NASA's next Mars rover will hopefully land with the gentleness of a parent setting a baby into a crib. The space agency just tested its Advanced Supersonic Parachute Inflation Research Experiment (ASPIRE) with a rocket launch that sent a parachute into the upper atmosphere. The video is stunning.
The test is in preparation for the Mars 2020 mission, which will land a rover on the distant planet. NASA sent the parachute up on Oct. 4 and just released the eye-catching test footage Tuesday.
The parachute deployed at an altitude of 26 miles (42 kilometers) while at a velocity of 1.8 times the speed of sound. It takes a mere half second for the parachute to inflate.
The video shows the rocket launch from Virginia, the payload separation from the rocket and the deployment of the parachute. Where things get really wild is when we see the slo-mo footage of the release.
The slow-motion shots will be under a lot of scrutiny as researchers try to determine potential stress points for the parachute. "Every frame will be examined closely to look for signs of damage in any of the stitching used to hold the canopy together," says Ian Clark, NASA's technical lead for the test, in the video.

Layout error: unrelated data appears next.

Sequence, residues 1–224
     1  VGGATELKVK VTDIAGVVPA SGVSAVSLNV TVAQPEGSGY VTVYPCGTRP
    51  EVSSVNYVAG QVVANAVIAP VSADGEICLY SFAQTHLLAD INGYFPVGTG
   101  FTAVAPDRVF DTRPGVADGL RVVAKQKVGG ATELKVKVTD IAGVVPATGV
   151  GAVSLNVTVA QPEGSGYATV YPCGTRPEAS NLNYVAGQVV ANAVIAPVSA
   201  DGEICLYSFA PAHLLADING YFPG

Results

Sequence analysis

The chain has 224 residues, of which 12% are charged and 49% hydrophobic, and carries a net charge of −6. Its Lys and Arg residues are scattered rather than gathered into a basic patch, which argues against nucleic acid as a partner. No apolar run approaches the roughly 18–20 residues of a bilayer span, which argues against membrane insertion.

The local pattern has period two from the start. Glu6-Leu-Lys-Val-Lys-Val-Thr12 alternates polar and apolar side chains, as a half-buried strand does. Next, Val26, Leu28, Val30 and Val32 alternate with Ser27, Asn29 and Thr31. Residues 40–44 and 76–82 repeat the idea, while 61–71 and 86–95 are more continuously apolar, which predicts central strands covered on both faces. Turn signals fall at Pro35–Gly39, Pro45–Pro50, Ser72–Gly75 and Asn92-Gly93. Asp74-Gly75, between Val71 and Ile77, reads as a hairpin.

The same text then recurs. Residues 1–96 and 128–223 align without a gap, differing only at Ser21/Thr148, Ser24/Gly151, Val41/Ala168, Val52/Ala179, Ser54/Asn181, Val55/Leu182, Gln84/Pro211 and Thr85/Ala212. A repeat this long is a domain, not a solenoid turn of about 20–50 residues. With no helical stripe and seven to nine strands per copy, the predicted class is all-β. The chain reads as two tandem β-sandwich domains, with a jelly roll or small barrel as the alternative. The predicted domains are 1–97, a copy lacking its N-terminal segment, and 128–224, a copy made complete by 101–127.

It's not easy to land on the red planet. The history of our attempts to explore Mars is littered with spacecraft failures. Most recently, the European Space Agency's 2016 Schiaparelli lander hit a software glitch and crashed into Mars instead of landing softly on the surface. NASA wants to make sure its newest rover has a welcoming arrival.
"We not only proved that we could get our payload to the correct altitude and velocity conditions to best mimic a parachute deployment in the Martian atmosphere, but as an added bonus, we got to see our parachute in action as well," says Clark.
NASA has used wind tunnels for parachute tests for previous Mars missions. ASPIRE's ability to replicate the conditions of Mars' atmosphere will give the Mars 2020 team more information to work with when finalizing the parachute design and construction.
The payload returned to Earth with a splashdown in the Atlantic Ocean where it was recovered for inspection. NASA's next planned ASPIRE test is scheduled for February.
Batteries Not Included: The CNET team reminds us why tech is cool.
CNET en Español: Get all your tech news and reviews in Spanish.